Earlier this month, the U.S. Court of Appeals for the Second Circuit issued a consequential opinion on the meaning and scope of what has become the “transformative use” factor of the fair use defense to copyright infringement. TCA Television Corp. v. McCollum, No. 16-134-cv-, __ F.3d __, 2016 WL 5899174 (2d Cir. Oct. 11, 2016). While transformative use is one consideration within the first of four factors applied to determine whether a use of a copyrighted work is “fair” and thus not an act of infringement, it has become the predominant consideration in the Second Circuit. And while it is fair to say that the Second Circuit in recent decisions has stretched the scope of what had previously been considered a transformative use, McCollum appears to pull back on that expansion.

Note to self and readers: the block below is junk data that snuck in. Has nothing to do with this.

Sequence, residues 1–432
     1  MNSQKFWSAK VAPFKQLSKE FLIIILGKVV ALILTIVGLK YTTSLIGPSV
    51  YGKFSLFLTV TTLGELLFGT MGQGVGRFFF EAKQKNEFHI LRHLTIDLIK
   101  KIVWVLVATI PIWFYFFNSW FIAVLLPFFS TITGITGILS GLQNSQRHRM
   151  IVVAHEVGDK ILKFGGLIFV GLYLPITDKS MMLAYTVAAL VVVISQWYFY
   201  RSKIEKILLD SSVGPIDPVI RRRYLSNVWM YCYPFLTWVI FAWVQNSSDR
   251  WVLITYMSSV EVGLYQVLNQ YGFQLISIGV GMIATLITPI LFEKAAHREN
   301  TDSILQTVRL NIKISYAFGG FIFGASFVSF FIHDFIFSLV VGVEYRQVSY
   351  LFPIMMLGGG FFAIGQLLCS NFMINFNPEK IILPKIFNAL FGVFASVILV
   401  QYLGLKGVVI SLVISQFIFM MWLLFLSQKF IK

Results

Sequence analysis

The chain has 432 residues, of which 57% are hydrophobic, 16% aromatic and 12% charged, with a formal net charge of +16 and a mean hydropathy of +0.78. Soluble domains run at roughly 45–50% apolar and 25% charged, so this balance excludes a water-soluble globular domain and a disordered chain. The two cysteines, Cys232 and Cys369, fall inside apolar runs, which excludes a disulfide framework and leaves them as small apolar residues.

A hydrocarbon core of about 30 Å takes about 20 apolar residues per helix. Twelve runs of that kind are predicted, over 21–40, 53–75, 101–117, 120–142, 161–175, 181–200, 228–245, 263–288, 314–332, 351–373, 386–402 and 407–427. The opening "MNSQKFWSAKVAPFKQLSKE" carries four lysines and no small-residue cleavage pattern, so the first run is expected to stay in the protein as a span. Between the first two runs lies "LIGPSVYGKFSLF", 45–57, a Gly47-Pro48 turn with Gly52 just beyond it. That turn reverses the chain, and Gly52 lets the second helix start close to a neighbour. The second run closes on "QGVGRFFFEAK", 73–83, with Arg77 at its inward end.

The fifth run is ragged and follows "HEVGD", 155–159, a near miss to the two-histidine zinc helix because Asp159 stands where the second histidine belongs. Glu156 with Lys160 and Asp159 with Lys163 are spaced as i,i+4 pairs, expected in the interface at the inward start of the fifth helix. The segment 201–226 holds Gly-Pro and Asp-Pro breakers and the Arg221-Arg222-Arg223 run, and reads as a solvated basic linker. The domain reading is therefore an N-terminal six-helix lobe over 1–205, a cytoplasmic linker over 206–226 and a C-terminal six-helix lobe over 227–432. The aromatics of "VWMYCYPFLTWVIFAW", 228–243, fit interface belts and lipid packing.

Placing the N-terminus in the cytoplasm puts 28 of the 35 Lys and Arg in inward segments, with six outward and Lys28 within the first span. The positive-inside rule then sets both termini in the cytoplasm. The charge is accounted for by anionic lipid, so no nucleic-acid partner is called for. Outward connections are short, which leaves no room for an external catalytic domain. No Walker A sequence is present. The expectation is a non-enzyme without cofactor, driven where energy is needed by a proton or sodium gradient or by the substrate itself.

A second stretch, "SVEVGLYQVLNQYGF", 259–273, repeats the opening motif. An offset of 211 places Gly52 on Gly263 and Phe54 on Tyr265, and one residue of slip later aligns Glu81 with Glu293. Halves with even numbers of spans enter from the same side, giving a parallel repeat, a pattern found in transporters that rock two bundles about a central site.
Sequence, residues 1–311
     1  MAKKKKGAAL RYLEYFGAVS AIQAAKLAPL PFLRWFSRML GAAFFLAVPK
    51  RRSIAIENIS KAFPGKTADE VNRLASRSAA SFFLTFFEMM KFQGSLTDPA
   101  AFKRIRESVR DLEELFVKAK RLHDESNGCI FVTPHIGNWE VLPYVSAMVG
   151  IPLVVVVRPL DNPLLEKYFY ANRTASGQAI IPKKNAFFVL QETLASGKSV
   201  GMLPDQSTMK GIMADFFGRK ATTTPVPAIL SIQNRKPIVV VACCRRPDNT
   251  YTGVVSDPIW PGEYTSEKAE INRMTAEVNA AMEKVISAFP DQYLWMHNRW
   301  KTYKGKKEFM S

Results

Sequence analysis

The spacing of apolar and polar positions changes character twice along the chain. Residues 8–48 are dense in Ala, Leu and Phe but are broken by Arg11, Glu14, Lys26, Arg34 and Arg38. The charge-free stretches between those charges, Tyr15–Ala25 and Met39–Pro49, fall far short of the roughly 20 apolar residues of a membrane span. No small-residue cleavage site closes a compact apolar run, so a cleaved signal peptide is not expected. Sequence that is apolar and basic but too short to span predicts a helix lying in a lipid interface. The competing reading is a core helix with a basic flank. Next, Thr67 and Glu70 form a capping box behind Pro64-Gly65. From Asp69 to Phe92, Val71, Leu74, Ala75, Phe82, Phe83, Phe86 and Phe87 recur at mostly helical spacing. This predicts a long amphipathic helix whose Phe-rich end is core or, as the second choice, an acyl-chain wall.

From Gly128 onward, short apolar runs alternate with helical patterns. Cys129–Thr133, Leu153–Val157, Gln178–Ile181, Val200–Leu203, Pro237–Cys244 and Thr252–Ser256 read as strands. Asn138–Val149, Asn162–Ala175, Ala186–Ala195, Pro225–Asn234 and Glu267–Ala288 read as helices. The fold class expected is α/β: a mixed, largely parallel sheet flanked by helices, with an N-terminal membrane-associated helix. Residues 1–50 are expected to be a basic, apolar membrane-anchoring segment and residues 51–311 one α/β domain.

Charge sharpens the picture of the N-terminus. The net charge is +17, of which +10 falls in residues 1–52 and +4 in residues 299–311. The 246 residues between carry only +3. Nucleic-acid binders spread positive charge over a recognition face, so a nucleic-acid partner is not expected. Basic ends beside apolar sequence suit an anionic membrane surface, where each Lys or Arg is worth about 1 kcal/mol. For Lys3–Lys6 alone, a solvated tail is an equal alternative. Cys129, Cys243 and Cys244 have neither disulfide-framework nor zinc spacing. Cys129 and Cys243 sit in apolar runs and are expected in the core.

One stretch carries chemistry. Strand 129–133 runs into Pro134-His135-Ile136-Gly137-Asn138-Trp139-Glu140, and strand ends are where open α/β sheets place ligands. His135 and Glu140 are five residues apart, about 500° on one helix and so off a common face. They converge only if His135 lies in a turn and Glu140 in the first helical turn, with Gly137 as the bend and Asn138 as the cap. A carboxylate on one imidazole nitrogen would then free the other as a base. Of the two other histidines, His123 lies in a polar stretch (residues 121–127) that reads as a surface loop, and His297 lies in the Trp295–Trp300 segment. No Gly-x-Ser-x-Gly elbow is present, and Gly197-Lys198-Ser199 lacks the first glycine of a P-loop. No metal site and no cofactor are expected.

In a unanimous 3-0 ruling, the Second Circuit ruled that a Broadway play’s verbatim performance of a full minute from the iconic Abbott and Costello routine, “Who’s on First,” in a scene between an introverted, small-town boy and his demonic sock puppet, was not transformative or otherwise fair use as a matter of law. In doing so, the court rejected Southern District of New York Judge George B. Daniels’ dismissal (at the pleading stage) of the plaintiff (“TCA”)’s copyright infringement action on the basis of fair use. (The Circuit affirmed on the separate ground that plaintiffs failed to plausibly allege a valid copyright interest.)